Category: Baby name news
By Linda Rosenkrantz
Hot off the press–here’s our round-up of the newest babyberries who were entered on the Nameberry Birth Announcement forum in the month of November, 2013– along with some of the more illuminating comments by their parents.
No multiples this month, and no repeated names, but more than the usual quota of imaginative choices, awesome first and middle name combos, and great sibsets.
Do you celebrate your name day?
While the idea is little known in the US, many cultures prefer name days to birthdays. The idea is simple: instead of celebrating your day of birth, you and every other Margaret or Joseph or Andrew are feted on the same day.
The custom has its origins in saints’ feast days, but plenty of non-saintly names exist on national calendars. Wanda is a legendary figure in Poland, so no surprise she has a name day there, along with other Slavic staples like Bogdan, Dobromir, and Grazyna.
Word is that Facebook is now encouraging users to add their name day celebrations to their profiles. Americans love a holiday, from Halloween to Cinco de Mayo. Could name days catch on here?
I’m in favor. Double the reasons for cupcakes!
By Linda Rosenkrantz
Since our last Quarterly Report grew to be so huge and unwieldy, with its unfortunate share of troll challenges, we’ve decided to try sectioning it into more manageable monthly reports instead. Remember that these are the names reported on the Nameberry Birth Announcement forum–not necessarily born–during the month of October, and only to Berries–not including nephews, nieces or neighbors–no matter how adorably named they might be.
This time around we’ve added some comments by the original poster and other berries that we thought you would find interesting.
“We stayed with the tradition of family middle names and couldn’t be happier”
Comment: “I have a hunch she’s going to be full of spunk.”
“Salem means peace; I hope her life will be filled with both peace and joy. This year for Halloween she will naturally be a little baby witch.”
Comment: “Such a bold and daring choice!”
“Gray is my mother’s maiden name”
“…Florin continued to grow on me for reasons outside of its Princess Bride (my favourite book & film) connections… I love the meaning (flower; flourishing) and loved that the Florin was a coin minted in Australia…my dad did his apprenticeship at the Australian Mint so I remember him telling me stories about coins as a child. Frederick was my grandfather’s name and I wanted to honour him and my mum and Nana…He actually reminds me of my grandfather too with a big round face and dimples. The meaning ‘peaceful ruler’ also added to its appeal.”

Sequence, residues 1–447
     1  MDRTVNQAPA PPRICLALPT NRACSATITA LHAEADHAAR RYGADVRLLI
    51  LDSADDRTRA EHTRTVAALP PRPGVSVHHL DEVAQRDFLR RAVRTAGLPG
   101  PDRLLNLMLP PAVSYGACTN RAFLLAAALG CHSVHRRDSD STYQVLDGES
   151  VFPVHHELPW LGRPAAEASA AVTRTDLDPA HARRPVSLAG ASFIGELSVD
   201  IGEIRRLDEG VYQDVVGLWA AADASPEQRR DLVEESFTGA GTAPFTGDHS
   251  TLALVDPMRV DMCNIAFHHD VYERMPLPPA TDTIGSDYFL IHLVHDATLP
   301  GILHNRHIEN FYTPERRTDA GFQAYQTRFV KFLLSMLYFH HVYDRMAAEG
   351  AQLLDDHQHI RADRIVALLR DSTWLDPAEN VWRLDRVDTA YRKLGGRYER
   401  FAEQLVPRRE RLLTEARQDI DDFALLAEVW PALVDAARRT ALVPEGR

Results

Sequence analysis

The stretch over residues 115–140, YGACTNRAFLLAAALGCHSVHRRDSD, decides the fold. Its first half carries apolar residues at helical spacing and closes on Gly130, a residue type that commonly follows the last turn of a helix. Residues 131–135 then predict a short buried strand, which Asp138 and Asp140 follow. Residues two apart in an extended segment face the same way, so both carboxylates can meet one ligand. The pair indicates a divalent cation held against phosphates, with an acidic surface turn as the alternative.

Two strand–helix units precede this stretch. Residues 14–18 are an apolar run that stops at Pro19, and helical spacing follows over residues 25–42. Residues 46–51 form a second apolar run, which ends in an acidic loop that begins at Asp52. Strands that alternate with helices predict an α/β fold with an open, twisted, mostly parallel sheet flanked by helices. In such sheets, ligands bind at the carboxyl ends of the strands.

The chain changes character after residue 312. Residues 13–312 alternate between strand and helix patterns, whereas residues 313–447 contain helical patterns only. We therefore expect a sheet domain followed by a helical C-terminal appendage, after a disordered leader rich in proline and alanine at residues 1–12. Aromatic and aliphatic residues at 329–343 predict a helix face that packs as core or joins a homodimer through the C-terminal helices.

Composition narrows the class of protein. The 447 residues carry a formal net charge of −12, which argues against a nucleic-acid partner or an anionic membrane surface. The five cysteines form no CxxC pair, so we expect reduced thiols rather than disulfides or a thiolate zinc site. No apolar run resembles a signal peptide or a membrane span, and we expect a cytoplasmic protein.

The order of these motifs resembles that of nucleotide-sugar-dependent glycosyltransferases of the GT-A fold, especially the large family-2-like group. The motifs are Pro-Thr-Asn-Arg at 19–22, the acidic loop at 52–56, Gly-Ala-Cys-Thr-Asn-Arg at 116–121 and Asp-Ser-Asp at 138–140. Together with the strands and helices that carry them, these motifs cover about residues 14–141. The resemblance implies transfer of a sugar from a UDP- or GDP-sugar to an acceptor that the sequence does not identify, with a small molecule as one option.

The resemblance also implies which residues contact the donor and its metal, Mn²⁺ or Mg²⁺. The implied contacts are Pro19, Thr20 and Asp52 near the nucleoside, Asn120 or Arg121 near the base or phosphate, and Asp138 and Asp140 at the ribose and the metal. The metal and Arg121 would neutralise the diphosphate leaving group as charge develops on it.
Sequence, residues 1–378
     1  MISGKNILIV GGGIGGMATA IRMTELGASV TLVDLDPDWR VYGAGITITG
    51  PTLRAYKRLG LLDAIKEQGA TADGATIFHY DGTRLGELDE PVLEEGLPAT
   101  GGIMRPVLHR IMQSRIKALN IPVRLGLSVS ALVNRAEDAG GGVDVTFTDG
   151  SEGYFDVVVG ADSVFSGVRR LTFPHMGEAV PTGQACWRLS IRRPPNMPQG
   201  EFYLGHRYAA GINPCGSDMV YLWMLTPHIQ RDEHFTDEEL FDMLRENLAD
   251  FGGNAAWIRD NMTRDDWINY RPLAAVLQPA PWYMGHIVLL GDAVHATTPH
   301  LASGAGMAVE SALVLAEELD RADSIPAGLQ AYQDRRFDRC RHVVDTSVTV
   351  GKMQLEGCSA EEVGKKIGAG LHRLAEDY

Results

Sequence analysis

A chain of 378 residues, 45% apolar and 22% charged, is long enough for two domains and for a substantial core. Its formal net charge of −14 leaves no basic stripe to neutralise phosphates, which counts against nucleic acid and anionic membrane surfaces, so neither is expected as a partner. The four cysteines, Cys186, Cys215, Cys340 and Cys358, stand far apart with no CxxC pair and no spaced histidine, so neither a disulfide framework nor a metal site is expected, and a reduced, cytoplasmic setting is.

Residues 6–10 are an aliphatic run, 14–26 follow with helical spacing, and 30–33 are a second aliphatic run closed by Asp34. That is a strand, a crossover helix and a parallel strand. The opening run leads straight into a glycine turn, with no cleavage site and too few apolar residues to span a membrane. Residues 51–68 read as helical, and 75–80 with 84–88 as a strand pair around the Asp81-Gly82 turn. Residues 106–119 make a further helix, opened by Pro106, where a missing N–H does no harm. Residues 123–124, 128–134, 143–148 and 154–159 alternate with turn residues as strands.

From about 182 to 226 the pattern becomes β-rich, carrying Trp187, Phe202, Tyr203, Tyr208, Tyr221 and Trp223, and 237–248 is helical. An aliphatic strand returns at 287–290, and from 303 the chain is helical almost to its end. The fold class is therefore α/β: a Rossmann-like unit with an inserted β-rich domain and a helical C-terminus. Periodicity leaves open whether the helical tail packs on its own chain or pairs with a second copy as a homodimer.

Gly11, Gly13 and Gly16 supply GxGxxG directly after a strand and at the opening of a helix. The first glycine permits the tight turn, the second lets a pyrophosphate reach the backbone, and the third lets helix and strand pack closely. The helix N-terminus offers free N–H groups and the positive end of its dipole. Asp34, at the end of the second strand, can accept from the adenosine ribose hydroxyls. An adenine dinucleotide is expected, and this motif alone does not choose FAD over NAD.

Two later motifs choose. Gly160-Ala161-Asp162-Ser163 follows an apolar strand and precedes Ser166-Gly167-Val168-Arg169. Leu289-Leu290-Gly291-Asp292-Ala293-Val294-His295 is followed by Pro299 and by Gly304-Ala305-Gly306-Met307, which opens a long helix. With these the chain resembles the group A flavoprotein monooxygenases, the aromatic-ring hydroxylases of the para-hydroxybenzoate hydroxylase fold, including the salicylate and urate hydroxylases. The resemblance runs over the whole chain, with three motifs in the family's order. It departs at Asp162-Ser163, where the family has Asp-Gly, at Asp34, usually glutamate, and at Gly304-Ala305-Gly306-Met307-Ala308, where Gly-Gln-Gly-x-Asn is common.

MANY MANY THANKS TO DENISE POTTER FOR ALL HER HELP ON THIS!
Which are your favorites of all these? Do you like the addition of the comments?
Gaiman did say this: “We must not attempt to freeze language, or to pretend it is a dead thing that must be revered, but we should use it as a living thing, that flows, that borrows words, that allows meaning and pronunciations to change with time.”
If language is a living thing, doesn’t the same hold true for names?
Some words endure with minimal alteration, and some names do, too. But for every Elizabeth, there’s a Samantha – a name that feels rich with history, but is actually almost unknown until the nineteenth century. Or Brooke, a name that feels established and sophisticated, but would have been out of place a hundred years ago.
What makes a name a true classic?
Very few names have been in constant use, and those few evergreen choices differ across cultures and languages.
A definition is elusive. A classic should be universally recognized and long established. It should possess either a measure of elegance or another distinguishing characteristic. But classic isn’t a black and white line. In baby name discussions, classic sometimes translates as “a name I like.”
Are Adelaide and Charlotte as classic as Mary? How do Walter and Jeremy compare to William and James? How about names like Samantha or Brooke – seldom heard before the twentieth century, but now solidly established? How many years does it take to make a classic, bearing in mind that classic rock is sometimes as young as five decades old.